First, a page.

Every year, thousands of people of Italian descent from all around the globe apply for Italian citizenship.
Italian citizenship grants numerous benefits. For instance, the ability to reside and work within the European Union, access to Italy’s leading public healthcare system and high education, as well as access to financial services reserved for EU citizens, and a smoother process when acquiring property within Italian territory.
If you weren’t born in Italy, but have Italian descent, married an Italian citizen, or have been living in Italy for several years, you may be able to become an Italian citizen. In this post, we’ll take a look at how to get Italian citizenship through Jure Sanguinis, marriage, or naturalization. And we’ll briefly explain what each application process involves.
If you’re looking for a more comprehensive guide on Getting Dual Citizenship, click here!
How to Get Dual Citizenship through Jure Sanguinis
An individual of Italian descent can apply for Italian citizenship through Jure Sanguinis (blood right). But how far back in your family tree your Italian-born relative can be will depend on whether it’s your mom’s or your dad’s side of the family.
Prior to the 17th March of 1861, the day when Italy was unified, there were obviously no Italian citizens. Therefore, any relative that you rely on for your Italian citizenship application must have been alive on or after this date.
If you’ll rely on your paternal line, there’ll be no limit to the number of generations from the creation of a unified Italy, as long as no one in your bloodline has renounced to Italian citizenship. If your father’s great-grandfather was Italian and you can prove it, you can obtain Italian citizenship. On the other hand, Italian citizenship through the maternal line can extend back to the 1st of January of 1948.
Independently of whether you’re seeking Italian citizenship through your father’s heritage, or through your mother’s, part of the application process will involve collecting relevant documentation proving your Italian heritage. For instance, documentation confirming your Italian ancestor’s migration to your home country, your parents’ or grandparents’ birth certificate, etcetera.
These documents will have to be translated and certified. Individuals in countries that participated in the Hague Convention will need to provide an apostille (authentication) for each of these documents. This apostille doesn’t have to be translated.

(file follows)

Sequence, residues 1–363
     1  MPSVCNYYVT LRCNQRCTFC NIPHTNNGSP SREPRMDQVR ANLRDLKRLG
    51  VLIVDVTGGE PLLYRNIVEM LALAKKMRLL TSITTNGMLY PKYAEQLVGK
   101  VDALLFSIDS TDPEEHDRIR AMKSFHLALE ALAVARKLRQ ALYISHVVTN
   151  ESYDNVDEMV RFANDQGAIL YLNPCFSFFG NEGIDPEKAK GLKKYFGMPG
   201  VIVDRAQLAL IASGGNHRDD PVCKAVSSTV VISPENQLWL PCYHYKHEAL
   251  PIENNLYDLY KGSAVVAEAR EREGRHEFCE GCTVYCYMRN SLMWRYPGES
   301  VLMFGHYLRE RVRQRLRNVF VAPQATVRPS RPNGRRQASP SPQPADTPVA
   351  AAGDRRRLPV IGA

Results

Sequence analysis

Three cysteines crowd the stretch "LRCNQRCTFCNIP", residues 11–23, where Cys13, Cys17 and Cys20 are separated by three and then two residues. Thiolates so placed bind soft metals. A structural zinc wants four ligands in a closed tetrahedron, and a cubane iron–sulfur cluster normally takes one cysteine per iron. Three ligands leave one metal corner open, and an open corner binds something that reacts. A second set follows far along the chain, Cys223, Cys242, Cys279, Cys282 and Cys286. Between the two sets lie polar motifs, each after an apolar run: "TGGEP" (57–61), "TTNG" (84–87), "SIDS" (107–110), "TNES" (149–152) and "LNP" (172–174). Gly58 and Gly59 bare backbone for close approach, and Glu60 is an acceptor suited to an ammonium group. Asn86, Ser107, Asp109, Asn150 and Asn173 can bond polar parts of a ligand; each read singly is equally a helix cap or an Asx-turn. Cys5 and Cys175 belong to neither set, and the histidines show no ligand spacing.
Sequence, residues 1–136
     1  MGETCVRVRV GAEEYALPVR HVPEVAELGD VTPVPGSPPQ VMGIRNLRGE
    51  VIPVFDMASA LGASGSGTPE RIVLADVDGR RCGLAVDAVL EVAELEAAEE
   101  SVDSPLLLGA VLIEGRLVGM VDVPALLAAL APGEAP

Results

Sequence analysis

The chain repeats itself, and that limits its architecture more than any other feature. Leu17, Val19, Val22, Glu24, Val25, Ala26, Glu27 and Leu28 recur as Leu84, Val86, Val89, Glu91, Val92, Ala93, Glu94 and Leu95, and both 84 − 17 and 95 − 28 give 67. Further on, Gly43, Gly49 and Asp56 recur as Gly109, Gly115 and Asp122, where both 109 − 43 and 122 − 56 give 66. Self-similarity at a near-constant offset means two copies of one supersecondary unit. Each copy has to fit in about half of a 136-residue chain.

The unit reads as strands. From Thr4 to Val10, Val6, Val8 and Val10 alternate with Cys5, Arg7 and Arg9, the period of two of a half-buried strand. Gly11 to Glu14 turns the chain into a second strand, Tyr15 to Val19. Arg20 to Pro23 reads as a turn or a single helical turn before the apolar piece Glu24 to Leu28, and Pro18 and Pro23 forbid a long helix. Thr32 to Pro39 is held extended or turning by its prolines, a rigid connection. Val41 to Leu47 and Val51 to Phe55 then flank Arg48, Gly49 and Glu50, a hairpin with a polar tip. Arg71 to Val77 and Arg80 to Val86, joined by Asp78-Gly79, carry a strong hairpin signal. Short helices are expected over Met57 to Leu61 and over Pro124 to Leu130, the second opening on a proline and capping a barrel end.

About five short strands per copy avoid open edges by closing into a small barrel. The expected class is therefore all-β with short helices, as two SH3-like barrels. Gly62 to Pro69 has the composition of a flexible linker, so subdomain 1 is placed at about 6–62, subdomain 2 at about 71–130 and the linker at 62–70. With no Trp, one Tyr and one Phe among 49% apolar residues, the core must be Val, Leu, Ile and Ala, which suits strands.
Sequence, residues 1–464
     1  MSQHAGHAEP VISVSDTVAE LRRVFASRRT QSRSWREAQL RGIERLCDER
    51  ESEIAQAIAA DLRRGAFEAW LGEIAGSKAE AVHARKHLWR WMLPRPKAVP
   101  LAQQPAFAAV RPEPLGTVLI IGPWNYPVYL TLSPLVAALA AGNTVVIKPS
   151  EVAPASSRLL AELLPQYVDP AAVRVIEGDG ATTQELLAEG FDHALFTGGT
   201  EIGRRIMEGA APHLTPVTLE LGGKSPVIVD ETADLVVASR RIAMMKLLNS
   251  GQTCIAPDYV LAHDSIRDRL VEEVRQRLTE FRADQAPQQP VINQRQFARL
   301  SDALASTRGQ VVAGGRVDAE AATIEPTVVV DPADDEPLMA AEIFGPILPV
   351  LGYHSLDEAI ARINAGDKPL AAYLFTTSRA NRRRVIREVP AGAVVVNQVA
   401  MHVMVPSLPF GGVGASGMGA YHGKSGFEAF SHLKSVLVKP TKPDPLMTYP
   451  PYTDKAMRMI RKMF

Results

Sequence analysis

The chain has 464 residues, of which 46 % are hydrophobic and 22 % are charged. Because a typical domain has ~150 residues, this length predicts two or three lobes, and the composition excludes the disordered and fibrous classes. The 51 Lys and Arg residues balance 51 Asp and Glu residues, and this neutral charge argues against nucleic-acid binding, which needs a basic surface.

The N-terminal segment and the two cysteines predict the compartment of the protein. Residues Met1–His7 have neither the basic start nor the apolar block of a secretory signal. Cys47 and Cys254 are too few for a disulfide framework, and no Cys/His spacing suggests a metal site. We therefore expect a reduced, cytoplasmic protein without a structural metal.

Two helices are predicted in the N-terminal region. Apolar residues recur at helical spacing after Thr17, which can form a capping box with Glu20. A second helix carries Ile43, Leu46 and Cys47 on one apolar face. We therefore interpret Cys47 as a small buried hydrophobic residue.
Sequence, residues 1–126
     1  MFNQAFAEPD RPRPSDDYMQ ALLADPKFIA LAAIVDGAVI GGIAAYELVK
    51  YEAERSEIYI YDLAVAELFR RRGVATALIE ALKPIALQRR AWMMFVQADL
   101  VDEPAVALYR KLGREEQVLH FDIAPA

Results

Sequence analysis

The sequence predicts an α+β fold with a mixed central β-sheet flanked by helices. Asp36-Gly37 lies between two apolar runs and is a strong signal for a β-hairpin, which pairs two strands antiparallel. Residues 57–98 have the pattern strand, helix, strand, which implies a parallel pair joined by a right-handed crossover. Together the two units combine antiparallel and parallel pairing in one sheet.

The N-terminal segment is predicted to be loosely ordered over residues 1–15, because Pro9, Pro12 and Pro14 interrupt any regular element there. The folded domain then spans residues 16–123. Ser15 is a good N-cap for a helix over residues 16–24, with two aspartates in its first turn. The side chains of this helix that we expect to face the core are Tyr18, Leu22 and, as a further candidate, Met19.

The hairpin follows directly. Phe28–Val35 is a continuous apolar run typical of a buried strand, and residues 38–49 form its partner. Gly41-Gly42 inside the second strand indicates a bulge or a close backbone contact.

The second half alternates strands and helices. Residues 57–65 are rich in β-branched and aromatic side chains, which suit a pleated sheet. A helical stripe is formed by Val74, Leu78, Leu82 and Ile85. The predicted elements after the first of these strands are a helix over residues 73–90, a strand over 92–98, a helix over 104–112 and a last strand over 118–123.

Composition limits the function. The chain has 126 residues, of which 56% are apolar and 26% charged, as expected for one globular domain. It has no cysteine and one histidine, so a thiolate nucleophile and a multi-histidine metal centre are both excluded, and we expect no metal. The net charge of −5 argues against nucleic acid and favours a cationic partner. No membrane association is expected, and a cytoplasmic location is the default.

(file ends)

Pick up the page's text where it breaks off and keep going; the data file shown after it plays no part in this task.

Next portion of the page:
Throughout this process, it’s essential to rely on the assistance of a need the assistance of a reliable Italian translation services provider who’s able to translate and properly certify your documentation. You might also need to reach out to a company that specializes in connecting Italian citizenship applicants to the Consulate and to the municipality where their ancestors lived, so they can request documentation confirming your Italian descent.
Becoming an Italian Citizen through Marriage
Anyone who marries an Italian citizen has the right to apply for Italian citizenship. This right can only be denied if the spouse has a criminal record, or if they’re considered a threat to national security. The spouse of an Italian citizen might have to live in Italy without breaking the marriage for a minimum of two years before they’re able to apply for Italian citizenship. And this union has to subsist through the application process. Foreign spouses will be also be required to speak Italian with at least a B1 (intermediate) level of fluency. A B1 Italian certificate may be requested to prove this ability.
How to Get Italian Citizenship through Naturalization
Naturalization is also an option for those aspiring to become Italian citizens. Naturalization is an option for people of Italian descent who have lived in Italy for at least 4 years, and whose relatives have renounced to Italian citizenship, as well as for Non-EU and EU residents. Non-EU residents who have lived in Italy for at least ten years are able to apply for citizenship. On the other hand, EU residents can apply after 4 years of living in Italian territory.
How Long Does It Take?
We already know how to get Italian citizenship – but, how long will it take? Well, getting an appointment at an Italian consulate might take from 6 months to two years. On the other hand, it might take an average of six months before your accepted application is registered in Italy.
Those living in Italy and applying through Marriage might have to wait up to 48 months to get their citizenship. This process is slowed down by the need to take a B1 Italian proficiency test and get the corresponding certification.
Those applying to Jure Sanguinis will also have to consider the time it might take to gather the necessary documents, get them apostilled and translated, and get an appointment at their local Italian consulate.
If you’re applying for Jure Sanguinis dual citizenship, there’s a way to “fast-track” your application process. You can do it simply by traveling to Italy and applying for citizenship in person. Of course, “fast-tracking” doesn’t shorten the process of gathering and preparing the documentation, but it can surely reduce the wait time for an appointment, as well as the application’s processing time.